Private Plane Being Towed
Private Plane At Muhammad Ali International Airport

Recording At The Louisville Airport

A couple of days before the race, my first recording location was the Louisville Kentucky airport. Although not typically a busy airport, the Derby attracts hundreds of private planes from across the US and around the world, bringing in wealthy individuals to watch the races and network with other elites. As an airplane enthusiast, I was thrilled to be granted access to the tarmac, where I attached an articulating arm to an airport tug and captured thousands of photos of planes being maneuvered. It was one of the coolest things I had ever recorded. However, upon reviewing the footage, I noticed that the tug driver’s hat displayed a sports logo, and the plane’s tail numbers were visible, potentially identifying the Derby attendees. I contacted the producer, who asked me to blur out the sports logo and aircraft tail numbers. This marked the beginning of the project becoming more involved than I had initially anticipated, but I spent the next few hours blurring images in After Effects.

Video Caption

Clips From The Airport

I’m actually not sure if these have ever been seen, but here’s a string out of the airport shots.
Baggage Claim At SDF
Baggage Claim At Muhammad Ali International Airport

Working In The World Of Broadcast Sports

The following day, I set up my equipment at Churchill Downs and captured test timelapses of the grounds surrounding the racetrack. I processed the images and provided the video files to the broadcast team via a thumb drive. The day after that was Oaks, serving as a test run for the Derby. I arranged for some of the members of the National Guard, who were on-site to direct traffic, to stand by my cameras to prevent anyone from walking off with them. The two guardsmen were a pleasure to work with, and the arrangement worked out great.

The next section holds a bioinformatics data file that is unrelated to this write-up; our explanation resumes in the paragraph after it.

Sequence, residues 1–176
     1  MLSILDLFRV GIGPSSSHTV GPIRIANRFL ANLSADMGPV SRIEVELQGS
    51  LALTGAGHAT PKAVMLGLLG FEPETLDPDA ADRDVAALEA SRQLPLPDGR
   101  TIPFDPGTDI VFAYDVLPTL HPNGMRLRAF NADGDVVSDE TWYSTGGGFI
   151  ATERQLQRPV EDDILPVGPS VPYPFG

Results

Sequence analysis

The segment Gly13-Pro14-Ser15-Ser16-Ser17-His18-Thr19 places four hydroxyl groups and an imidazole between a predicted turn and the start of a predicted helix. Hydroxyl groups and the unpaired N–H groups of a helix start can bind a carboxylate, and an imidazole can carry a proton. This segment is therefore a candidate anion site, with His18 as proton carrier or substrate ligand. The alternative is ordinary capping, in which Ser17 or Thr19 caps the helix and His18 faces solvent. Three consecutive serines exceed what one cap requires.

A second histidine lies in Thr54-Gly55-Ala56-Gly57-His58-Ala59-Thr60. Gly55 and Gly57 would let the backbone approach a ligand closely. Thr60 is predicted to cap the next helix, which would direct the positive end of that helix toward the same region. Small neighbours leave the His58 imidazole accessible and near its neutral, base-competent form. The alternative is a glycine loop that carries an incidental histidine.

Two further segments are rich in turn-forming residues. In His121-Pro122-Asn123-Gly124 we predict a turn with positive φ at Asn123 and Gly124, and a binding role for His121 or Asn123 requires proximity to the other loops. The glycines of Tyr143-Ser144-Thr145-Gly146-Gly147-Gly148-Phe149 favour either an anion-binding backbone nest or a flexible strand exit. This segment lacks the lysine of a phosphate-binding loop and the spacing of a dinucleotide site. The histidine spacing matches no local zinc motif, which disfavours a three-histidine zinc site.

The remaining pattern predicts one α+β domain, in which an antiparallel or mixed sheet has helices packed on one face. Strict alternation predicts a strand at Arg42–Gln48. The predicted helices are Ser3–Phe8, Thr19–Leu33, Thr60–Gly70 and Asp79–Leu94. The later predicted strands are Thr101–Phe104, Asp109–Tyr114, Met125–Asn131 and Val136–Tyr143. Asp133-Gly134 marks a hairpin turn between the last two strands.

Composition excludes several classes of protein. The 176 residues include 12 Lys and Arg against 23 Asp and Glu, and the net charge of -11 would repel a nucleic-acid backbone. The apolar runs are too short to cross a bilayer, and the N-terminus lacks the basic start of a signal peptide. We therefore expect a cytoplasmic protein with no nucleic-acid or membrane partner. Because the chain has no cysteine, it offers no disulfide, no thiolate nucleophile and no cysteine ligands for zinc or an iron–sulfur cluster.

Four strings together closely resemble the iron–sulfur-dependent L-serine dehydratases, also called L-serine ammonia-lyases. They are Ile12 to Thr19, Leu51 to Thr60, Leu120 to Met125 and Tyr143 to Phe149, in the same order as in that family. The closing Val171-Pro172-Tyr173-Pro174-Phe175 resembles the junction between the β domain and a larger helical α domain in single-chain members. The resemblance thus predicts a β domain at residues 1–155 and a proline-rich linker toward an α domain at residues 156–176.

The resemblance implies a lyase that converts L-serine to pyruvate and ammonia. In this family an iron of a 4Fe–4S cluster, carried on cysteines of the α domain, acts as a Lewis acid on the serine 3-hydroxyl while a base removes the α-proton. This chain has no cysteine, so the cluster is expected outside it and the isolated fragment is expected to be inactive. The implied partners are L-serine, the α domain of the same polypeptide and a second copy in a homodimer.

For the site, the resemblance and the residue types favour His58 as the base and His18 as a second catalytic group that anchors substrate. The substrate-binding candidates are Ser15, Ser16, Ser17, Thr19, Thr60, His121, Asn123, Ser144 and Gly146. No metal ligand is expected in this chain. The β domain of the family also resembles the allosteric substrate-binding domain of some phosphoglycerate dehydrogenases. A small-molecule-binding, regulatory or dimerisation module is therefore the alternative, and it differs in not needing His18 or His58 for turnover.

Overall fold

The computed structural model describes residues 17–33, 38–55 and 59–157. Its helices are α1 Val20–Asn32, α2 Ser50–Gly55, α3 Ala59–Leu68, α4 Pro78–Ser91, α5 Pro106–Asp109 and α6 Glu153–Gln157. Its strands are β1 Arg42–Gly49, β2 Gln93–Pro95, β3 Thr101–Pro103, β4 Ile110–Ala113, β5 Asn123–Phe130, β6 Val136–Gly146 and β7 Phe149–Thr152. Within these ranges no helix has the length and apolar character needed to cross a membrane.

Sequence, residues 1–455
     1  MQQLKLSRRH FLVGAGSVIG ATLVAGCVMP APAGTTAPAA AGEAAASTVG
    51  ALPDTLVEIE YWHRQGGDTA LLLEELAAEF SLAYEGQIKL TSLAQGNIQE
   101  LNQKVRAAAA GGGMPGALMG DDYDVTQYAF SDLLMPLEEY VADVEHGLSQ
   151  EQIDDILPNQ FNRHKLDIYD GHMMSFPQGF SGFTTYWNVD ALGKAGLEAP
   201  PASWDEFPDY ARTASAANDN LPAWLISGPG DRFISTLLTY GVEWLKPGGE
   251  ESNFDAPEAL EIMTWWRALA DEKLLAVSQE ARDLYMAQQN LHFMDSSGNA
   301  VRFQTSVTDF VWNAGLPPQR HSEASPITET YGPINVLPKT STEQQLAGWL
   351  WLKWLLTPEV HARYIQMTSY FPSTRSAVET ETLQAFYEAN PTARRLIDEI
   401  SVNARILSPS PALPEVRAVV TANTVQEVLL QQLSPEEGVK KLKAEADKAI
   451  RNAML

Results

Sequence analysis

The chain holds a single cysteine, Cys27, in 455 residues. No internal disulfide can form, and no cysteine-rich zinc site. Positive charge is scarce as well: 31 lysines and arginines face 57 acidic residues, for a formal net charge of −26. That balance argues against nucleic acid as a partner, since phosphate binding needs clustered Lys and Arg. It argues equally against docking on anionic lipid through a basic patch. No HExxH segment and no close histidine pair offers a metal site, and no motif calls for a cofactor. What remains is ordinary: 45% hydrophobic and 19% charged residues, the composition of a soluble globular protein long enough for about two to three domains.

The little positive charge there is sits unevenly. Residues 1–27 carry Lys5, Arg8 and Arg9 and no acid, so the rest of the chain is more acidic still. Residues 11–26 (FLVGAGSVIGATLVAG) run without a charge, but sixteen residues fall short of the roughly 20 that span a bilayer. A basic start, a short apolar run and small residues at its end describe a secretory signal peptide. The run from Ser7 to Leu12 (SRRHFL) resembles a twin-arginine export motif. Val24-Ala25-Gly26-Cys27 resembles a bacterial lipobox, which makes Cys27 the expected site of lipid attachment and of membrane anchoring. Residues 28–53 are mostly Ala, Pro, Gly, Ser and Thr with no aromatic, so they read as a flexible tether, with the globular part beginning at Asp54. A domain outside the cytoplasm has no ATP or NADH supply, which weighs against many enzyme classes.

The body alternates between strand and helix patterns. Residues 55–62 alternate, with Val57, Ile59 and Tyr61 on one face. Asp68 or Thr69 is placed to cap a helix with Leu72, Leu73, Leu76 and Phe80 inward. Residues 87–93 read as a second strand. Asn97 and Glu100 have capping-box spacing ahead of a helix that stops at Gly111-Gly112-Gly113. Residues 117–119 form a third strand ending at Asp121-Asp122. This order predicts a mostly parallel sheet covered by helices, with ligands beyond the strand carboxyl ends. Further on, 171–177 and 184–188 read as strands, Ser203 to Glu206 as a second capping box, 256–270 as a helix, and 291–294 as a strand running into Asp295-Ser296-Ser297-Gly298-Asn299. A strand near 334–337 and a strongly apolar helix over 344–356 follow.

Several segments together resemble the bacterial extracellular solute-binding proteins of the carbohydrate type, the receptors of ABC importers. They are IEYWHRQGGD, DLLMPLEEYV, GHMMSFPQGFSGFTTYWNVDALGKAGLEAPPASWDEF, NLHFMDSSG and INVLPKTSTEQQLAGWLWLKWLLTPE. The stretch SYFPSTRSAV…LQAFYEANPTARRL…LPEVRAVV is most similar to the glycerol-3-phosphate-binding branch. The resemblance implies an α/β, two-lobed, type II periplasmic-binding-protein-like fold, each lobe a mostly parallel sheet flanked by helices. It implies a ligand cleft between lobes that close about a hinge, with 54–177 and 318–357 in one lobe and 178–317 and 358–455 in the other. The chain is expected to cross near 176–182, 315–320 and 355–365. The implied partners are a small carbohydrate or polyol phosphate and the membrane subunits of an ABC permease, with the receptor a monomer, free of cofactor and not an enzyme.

Working Oaks provided valuable insights into the nature of national broadcasts. A college professor of mine, who had previously worked for a major sports broadcast network, once described the industry as having “blue-collar work with white-collar pay.” He emphasized that the work was skilled but somewhat physically demanding and had pay comparable to that of doctors or individuals with advanced degrees. The high compensation was attributed to the grueling hours, constant travel, and the pressure to perform flawlessly under live broadcast conditions. He also warned that making more than a few mistakes would result in not being called back for future jobs, as there were no shortage of people eager to break into the industry.

People Going To The Infield
People Going To The Infield

Things Don’t Always Go Perfectly

During the Oaks broadcast, I processed around ten timelapse clips. However, one of the lower-level producers in charge of the truck I was working in noticed a lack of motion blur in the final videos. She expressed her disappointment and questioned why I hadn’t brought this issue up with the regular timelapse creator. I explained that I was using an ultra-wide lens without the option for an ND filter, which would have allowed for a longer shutter speed. There was nothing I could do to rectify the situation at that point, and I realized that attempting to shift the blame wouldn’t fix the problem.